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When experiences become things
Founder Stories

When experiences become things

This week Katherine explores experience purchases and explores the difference between an amazing experience versus an over-priced setting.

In this era of new minimalism, “experiences not things” is the mantra. Don’t buy stuff, buy intangible memories. As a result, travel, wellness, and dining are surging in popularity and the traditional tchotchke, knickknack, and antiques culture of the past struggles to survive.

Rewind to the holiday: this year as a gift to my ever-patient husband, I carefully decided on a pair of  tickets to see one of his favorite artists on Broadway. I reasoned that this was a special gift, and if I was going to deliver an experience it should be memorable. I gleefully booked tickets. The show was absolutely perfect: Thought-provoking. Emotional. Intelligent. Entertaining. We both absorbed the energy of the performance and spent our time at dinner reflecting on what we saw. An example of money well-spent for my husband to witness one of his music idols doing what they did best. Good job, I mentally awarded myself the MVP best wife ever gift-giver award.

My idea of the ultimate dining experience is a meal so good that you crave it a few weeks later. Looking back, I struggled a bit to remember what I even ordered.

Several weeks later, my husband made a confession. “You know,” he said hesitantly, “I loved that show. It will live with me for a long time. But...”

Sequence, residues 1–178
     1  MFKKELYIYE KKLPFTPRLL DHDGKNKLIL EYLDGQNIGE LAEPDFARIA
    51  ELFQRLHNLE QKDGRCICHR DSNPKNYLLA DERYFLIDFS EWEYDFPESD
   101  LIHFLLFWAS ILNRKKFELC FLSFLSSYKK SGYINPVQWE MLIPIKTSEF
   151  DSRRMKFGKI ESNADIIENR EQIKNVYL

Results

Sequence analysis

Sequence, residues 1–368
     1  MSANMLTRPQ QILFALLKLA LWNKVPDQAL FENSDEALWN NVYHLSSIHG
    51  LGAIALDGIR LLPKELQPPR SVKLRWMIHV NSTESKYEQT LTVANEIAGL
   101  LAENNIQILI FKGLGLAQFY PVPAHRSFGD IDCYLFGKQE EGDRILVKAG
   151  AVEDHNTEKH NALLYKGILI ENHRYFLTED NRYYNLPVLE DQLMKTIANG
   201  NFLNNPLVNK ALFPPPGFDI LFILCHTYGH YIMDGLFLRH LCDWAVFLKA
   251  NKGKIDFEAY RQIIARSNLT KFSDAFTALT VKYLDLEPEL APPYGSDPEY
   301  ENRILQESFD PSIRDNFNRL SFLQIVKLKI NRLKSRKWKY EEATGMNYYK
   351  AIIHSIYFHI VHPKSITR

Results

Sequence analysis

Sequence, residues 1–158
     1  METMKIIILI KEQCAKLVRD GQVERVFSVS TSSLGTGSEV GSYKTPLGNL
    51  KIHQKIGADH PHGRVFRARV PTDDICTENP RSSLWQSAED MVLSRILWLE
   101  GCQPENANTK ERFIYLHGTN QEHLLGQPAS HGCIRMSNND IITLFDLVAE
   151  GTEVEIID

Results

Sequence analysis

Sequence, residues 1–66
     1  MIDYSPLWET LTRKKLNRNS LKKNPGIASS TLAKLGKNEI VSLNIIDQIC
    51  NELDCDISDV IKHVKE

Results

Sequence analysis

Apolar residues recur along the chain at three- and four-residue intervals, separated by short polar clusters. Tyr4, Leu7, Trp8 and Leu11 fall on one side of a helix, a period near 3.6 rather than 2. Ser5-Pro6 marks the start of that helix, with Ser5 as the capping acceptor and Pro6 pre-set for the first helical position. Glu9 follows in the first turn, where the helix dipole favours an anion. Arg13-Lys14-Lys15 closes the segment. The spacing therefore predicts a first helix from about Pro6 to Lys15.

“What?” I was surprised.

“Dinner afterwards was...excellent. But I don’t think it really added anything more.”

Right. Dinner. I had made a reservation after the show at a nearby restaurant, because “theater and dinner,” right? PB&J; popcorn and a movie; the two activities go hand-in-hand.

Not wanting to sound ungrateful, he quickly added, “Frankly, I would have been just as happy grabbing a cocktail somewhere quiet. We would have had the same conversation about the show which was what I was most interested in.”

Tough as it was to admit, he was right. The dinner was practically flawless; food was tasty, the staff knowledgeable, but it wasn’t particularly memorable. My idea of the ultimate dining experience is a meal so good that you crave it a few weeks later. Looking back, I struggled a bit to remember what I even ordered.

Right then it hit me. What was I paying for? An experience or a setting?
An experience is fueled from within.
A setting - much like a movie set - is merely a backdrop to an experience

I placed “experience” over a “thing” and assumed the experience had more value; not realizing I sleepwalked my way into spending money that didn’t really enrich our lives. Perhaps an absurdly horrendous experience at the restaurant would have been worth it; if nothing else for a good story (“Remember the time there was a cockroach floating in the soup?”)

Ultimately the restaurant ended up as an expensive setting for the real experience which was spending time with my husband, blissfully lost in a conversation. A break from the everyday.

Since then, I’ve started taking inventory of autopilot experiences and asking myself what the real experience is. Am I constructing a set to have an experience? Is this going to add anything more? Is it worth it? What will I remember from this experience?

Looking back I can think of autopilot experiences that I could have just as easily gone without. And more importantly I can point to experiences I had been well worth the spend, as mundane as they may seem.

I’ve had incredible experiences in rural Indiana, sitting on the back patio with my father, watching the sun set. My father is the one of the only people in the world with whom I can discuss politics . Paying for the flight to Indiana is worth just watching the sun set with him, knowing there are a limited number of sunsets we have left together.

It’s a lesson that the company makes the experience. Not just the location.

Update: This year, I opted to make Valentine’s Day dinner reservations with my White Castle. Cheap AND an experience!

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